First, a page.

This comes from the fact that Brazilians are playful, in any situation. I remember entering the room for my first business meeting when I worked in HR in a large aluminium company to find a group of people nattering away, some standing, some sitting, several different conversations going on at the same time. Being a true Brit, I sat politely listening in to the various topics being simultaneously discussed, assuming we were all waiting for the chairman of the meeting to arrive. Doce ilusão. Before I knew it, a few notes were scribbled on a piece of paper, and everyone got up to leave. That was the meeting. No agenda, no opening the floor for questions, no minutes, just everyone having their say in a process of utterly chaotic decision making.

Our rehearsals are similar. I was singled out for praise by our exasperated conductor recently. “You don’t see MC chatting during rehearsal,” he snapped, after the familiar round of banter had just totally destroyed the group’s fragile veil of concentration. One false comment and inevitably someone weighs in with a weak joke, another weak joke follows in response, three people on opposite sides of the hall start to comment on the weakness of the preceding jokes, and bedlam ensues. This leads directly to a generalised habit of not concentrating, even during concerts. Choir singing is all about precision. Several of our band haven’t even managed to grasp singing a note until its end, or ceasing to sing when the conductor gesticulates to request this - things I learned in my school choir at age nine.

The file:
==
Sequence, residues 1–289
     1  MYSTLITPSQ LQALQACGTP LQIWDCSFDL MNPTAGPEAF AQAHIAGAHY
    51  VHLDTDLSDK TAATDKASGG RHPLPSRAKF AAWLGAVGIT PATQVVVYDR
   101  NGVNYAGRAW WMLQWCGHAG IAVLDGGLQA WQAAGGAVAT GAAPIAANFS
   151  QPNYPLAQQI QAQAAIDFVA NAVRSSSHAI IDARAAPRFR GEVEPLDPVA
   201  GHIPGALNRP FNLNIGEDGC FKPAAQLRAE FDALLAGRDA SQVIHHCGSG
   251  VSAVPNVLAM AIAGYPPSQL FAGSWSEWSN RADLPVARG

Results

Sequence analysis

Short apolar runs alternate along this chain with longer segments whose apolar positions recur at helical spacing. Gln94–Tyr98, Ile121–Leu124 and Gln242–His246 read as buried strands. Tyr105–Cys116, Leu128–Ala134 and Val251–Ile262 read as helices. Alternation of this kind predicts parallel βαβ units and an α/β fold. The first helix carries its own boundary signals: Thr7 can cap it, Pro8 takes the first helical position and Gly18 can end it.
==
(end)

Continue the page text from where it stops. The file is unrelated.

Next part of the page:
The “that’ll do” culture pervades everything. Just look around our small town and everything is done on the cheap. Houses remain unfinished, or at least unpainted, the roads potholed and abandoned. Everything is grubby and untended and slapdash – rather than seek excellence, it seems people have caught the whiff of a barbecue halfway through a task, no matter how important, and said, “I'm feeling peckish, Kleverson, lad. That’ll do.”

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Blogger Gadjo Dilo said...

:-) The choir I sing in has a similar "that'll do" problem, in our case resulting from the fact that few people are ever very far away from peasent origins and a "if the family pig can't actually escape from the spare bedroom then so what if the house looks like it's about to fall down" attitude. The University of the Philippines Singing Ambassadors are clearly some soviet-inspired elite shamateur fighting unit, and are surely cheating. I once knew a Ecuadorian call Klever who struggled to live up to his name; I also remember several Brazilians called Hobson and Jobson, etc.